Social Question

Facade's avatar

Should a celeb's personal life tie in with their professional life?

Asked by Facade (22907points) February 12th, 2010

Some may say that their personal life is their professional life but anyway…

Example: Celeb A is known for beating his wife. Should he lose endorsements, roles in movies, etc. for that?

Do you remove you support– watching their films, listening to their music, watching their sports, etc.– from a celeb when you find out they are less than good people?

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11 Answers

wundayatta's avatar

This gets to an interesting distinction many of us make these days: we have a personal world and a work world, and the two are very different. Historically, this hasn’t been the case. Heck, your name advertised your work. You were your work. You never had any time off.

The industrial revolution changed that. People no longer worked for themselves, but for someone else. So while they were on the clock, they were being paid for their time. It was no longer their own time. And when not on the clock, it was their own time and it was different time.

It’s fairly easy to make this distinction for hourly workers doing non-professional work. However, the more that analytical thought is involved, and the more you are tied to the company in terms of importance, the more you become your work. Usually the people at the top really have no difference between work and private life.

With celebrities, they are the company. They are selling themselves. They are always at work. They have no time off. That’s why advertisers put “morals” clauses in their contracts. If Tiger Woods fucks up, he loses endorsements—or they can stop using him if they choose to. Because the person is their work, than anything they do reflects on the people who pay them to use their name.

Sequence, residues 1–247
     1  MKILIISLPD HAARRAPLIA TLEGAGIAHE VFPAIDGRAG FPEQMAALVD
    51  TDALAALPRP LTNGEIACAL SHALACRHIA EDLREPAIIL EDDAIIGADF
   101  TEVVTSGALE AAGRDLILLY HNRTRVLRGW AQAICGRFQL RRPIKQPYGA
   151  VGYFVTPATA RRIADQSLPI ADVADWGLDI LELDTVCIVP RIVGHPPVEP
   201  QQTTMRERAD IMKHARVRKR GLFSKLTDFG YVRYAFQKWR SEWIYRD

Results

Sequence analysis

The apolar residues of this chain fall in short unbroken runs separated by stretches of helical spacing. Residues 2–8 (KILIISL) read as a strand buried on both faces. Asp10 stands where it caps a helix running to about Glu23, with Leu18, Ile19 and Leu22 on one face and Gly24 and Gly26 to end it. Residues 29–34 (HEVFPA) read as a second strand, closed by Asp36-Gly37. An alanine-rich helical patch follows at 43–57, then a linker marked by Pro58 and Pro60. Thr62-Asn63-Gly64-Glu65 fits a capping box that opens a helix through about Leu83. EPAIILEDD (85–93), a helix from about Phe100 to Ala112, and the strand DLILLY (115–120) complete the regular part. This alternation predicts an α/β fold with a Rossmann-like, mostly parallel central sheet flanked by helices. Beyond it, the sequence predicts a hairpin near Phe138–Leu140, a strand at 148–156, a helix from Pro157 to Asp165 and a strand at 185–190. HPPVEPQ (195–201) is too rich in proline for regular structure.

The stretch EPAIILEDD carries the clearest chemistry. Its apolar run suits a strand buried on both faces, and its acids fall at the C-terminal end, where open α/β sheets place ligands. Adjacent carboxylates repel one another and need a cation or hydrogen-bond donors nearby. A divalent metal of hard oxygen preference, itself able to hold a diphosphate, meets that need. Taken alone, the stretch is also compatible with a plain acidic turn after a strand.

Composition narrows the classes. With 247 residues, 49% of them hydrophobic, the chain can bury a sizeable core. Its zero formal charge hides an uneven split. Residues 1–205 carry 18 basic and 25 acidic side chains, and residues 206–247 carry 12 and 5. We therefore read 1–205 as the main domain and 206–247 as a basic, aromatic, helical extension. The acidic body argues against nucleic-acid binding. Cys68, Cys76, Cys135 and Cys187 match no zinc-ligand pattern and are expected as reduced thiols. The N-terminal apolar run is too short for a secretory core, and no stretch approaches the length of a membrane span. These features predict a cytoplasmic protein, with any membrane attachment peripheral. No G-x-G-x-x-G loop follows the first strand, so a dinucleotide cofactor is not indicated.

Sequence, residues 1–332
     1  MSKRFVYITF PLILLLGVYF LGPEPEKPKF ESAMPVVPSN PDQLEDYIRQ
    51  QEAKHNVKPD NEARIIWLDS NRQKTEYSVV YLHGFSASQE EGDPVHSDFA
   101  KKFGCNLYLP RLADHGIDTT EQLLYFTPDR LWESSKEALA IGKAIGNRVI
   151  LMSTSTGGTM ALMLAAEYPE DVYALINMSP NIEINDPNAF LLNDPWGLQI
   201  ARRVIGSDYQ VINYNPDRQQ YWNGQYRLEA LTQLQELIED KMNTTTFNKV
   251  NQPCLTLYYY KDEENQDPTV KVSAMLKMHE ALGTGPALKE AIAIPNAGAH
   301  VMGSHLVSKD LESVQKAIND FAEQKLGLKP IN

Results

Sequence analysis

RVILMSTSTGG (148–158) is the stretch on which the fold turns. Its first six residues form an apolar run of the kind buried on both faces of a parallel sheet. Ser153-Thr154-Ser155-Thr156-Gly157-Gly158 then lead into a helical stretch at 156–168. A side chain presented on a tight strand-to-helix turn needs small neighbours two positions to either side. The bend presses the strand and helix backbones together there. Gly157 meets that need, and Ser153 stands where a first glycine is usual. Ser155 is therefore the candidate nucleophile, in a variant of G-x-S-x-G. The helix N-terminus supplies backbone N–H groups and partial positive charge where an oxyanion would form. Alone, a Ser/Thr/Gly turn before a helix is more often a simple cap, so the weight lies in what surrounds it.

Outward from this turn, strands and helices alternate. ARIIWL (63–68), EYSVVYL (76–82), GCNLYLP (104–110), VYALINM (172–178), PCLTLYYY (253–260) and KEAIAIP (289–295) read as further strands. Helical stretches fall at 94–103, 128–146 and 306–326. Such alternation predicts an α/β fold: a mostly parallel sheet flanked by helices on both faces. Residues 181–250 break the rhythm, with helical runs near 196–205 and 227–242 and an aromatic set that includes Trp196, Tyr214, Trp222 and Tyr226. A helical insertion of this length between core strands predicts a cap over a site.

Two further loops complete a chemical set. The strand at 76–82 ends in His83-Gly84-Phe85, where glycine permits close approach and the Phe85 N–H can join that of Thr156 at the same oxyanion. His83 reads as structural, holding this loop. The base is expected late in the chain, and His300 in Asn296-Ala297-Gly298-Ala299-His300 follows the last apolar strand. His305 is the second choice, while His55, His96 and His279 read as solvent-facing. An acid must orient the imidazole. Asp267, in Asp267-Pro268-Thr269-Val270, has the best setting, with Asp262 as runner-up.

Do I stop watching people who have done unfortunate things? I guess I don’t really have to think about it. OJ Simpson pretty much disappeared after what he did. How much have we seen from Chris Brown since he beat Rihanna? Pete Rose? Mark McGuire?

If the pattern holds true, we’ll probably be seeing less of Tiger Woods for a while. They will have to wait until some time has passed, or he’ll have to make a full explanation and confession before people are willing to attribute any credibility to him.

So, me personally, I don’t really have to withdraw support. It’s done for me. But if I did have a choice—depending on what I thought of their miscreance, I’d kind of put them on the back shelf, or never let them in the door. I don’t really want to support people who make a living off bad behavior.

CMaz's avatar


But bad character flaws can interfere with everything.

A conflict of interest is a conflict of interest.

Likeradar's avatar

Yeah, I do when I think the person has done something particularly heinous (Mel Gibson…). Money I spend on their art partially ends up in their pocket. I don’t want to be part of the paycheck for someone I strongly dislike.
I also can’t enjoy watching a movie or listening to music from someone I know has views I find disgusting- I can’t forget what I know and enjoy it as art.

CMaz's avatar

Because your personal life. Is personal.

Facade's avatar

@ChazMaz Would you employ someone who you knew to be an atrocious person?

lucillelucillelucille's avatar

I don’t usually follow celebrities and their personal lives.The mainstream news is not always such a reliable source of info anyway.

CMaz's avatar

Why would I?

CMaz's avatar

Unless I needed a WWF wrestler.

lucillelucillelucille's avatar

@ChazMaz -My mom in law is one :)

Simone_De_Beauvoir's avatar

Yes I would remove my support. And any decent company (of which there are few) would as well.

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